Friday, April 26, 2013

The Revolutionary Effect of the Paperback Book

This simple innovation transformed the reading habits of an entire nation. 

From a story on Smithsonian...

 De Graff revolutionized that market when he got backing from Simon & Schuster to launch Pocket Books in May 1939. A petite 4 by 6 inches and priced at a mere 25 cents, the Pocket Book changed everything about who could read and where. Suddenly people read all the time, much as we now peek at e-mail and Twitter on our phones. And by working with the often gangster-riddled magazine-distribution industry, De Graff sold books where they had never been available before—grocery stores, drugstores and airport terminals. Within two years he’d sold 17 million.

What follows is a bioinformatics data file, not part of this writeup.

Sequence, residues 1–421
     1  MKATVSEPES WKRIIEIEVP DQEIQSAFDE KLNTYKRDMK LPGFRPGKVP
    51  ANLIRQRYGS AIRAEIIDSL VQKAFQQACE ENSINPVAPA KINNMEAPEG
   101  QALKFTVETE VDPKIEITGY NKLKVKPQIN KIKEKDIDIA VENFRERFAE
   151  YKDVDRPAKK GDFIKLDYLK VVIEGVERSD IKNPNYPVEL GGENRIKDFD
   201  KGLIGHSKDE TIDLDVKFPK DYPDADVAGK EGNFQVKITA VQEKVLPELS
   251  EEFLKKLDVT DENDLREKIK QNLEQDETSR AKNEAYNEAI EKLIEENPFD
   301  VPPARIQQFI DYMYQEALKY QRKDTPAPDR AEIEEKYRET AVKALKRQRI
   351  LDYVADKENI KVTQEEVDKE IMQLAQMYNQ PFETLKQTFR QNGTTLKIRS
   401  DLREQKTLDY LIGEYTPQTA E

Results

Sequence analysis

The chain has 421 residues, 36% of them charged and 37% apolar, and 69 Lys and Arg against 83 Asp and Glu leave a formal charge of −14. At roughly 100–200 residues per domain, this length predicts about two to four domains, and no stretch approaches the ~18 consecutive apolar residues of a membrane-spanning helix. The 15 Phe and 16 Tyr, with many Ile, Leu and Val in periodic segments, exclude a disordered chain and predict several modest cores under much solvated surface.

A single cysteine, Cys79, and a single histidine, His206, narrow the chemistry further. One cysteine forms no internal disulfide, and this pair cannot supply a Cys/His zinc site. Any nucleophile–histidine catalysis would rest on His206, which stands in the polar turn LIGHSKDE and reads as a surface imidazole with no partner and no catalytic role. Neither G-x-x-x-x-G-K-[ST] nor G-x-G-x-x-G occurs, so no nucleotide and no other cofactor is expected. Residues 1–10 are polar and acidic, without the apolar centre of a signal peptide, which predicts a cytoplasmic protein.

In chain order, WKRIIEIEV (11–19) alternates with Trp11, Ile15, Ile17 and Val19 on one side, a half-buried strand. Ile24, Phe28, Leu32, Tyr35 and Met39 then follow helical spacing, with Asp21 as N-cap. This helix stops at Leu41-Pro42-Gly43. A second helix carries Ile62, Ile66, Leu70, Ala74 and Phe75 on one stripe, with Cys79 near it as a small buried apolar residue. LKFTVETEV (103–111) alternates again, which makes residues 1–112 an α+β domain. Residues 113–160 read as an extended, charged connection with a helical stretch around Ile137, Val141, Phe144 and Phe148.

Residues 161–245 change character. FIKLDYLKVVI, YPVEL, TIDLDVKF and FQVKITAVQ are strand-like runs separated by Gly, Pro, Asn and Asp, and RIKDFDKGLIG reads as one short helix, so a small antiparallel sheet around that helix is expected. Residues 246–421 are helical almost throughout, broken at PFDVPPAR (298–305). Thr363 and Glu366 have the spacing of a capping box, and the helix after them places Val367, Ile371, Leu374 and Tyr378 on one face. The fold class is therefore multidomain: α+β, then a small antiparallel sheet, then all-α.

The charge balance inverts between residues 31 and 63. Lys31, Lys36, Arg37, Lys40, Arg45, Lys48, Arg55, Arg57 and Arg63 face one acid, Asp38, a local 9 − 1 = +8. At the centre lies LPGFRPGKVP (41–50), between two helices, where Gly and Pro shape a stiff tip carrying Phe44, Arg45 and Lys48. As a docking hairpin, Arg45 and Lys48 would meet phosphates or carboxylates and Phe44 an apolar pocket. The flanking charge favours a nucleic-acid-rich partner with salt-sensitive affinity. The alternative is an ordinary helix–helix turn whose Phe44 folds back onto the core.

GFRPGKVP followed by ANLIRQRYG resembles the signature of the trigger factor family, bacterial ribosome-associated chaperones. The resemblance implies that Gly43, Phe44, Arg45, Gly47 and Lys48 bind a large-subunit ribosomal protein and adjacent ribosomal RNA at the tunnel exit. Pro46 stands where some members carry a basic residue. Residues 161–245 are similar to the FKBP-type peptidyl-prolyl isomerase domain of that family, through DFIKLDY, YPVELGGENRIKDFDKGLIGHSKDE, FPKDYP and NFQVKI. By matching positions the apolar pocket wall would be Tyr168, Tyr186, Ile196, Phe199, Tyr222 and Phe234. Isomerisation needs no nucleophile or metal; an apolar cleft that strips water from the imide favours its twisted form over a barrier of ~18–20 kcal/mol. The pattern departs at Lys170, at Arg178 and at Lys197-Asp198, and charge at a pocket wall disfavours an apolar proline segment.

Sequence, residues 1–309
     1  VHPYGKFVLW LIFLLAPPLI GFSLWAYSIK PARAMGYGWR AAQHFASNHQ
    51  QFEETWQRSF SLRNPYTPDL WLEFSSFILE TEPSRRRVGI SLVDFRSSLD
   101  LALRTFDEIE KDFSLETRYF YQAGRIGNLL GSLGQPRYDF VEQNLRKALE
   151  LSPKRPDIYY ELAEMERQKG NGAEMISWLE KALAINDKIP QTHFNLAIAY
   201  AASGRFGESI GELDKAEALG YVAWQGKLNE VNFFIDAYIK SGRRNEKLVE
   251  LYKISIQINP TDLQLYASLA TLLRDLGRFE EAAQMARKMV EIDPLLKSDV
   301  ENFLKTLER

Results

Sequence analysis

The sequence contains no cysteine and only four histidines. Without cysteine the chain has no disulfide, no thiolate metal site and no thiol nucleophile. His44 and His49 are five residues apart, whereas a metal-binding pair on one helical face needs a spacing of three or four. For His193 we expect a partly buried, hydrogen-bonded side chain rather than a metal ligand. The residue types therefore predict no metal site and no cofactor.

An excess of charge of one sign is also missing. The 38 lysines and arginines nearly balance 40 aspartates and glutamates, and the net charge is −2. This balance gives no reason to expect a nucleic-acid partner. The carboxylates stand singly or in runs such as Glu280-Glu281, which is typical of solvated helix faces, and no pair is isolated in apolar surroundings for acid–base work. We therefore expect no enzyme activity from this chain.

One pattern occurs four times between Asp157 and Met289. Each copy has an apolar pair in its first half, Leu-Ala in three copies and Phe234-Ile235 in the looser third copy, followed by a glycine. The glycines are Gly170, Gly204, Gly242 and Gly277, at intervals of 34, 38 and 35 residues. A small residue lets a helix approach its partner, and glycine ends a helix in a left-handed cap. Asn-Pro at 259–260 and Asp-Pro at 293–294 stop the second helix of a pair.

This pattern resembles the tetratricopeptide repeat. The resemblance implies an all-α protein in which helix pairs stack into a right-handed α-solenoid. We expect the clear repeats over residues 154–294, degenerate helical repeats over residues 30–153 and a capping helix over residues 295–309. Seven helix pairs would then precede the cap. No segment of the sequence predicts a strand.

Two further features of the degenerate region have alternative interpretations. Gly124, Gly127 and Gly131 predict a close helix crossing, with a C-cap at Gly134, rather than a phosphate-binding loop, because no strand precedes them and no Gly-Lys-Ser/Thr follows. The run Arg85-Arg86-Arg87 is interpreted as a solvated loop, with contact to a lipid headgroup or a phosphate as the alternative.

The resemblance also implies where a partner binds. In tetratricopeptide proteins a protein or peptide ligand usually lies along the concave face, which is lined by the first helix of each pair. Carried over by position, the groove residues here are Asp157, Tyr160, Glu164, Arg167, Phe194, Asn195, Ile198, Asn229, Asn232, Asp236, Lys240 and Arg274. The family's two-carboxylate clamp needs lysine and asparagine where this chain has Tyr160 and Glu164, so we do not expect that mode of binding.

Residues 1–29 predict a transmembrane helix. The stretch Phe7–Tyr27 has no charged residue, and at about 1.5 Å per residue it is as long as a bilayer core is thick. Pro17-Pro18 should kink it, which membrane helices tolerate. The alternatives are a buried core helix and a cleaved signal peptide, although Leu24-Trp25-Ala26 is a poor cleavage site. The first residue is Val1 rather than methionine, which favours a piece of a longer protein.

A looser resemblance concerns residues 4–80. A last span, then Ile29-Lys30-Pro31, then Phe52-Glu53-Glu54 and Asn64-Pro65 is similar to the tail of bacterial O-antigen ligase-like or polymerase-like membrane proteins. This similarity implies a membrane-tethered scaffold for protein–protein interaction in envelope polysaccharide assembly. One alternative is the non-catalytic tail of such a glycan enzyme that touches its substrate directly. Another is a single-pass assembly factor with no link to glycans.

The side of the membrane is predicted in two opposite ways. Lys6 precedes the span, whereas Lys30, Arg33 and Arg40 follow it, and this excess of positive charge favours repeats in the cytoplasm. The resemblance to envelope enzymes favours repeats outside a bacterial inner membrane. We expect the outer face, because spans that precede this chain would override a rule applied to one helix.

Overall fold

“They literally couldn’t keep up with demand,” says historian Kenneth C. Davis, who documented De Graff’s triumph in his book Two-Bit Culture. “They tapped into a huge reservoir of Americans who nobody realized wanted to read.”

Other publishers rushed into the business. And, like all forms of new media, pocket-size books panicked the elites. Sure, some books were quality literature, but the biggest sellers were mysteries, westerns, thinly veiled smut—a potential “flood of trash” that threatened to “debase farther the popular taste,” as the social critic Harvey Swados worried. But the tumult also gave birth to new and distinctly American literary genres, from Mickey Spillane’s gritty detective stories to Ray Bradbury’s cerebral science fiction.

The financial success of the paperback became its cultural downfall.

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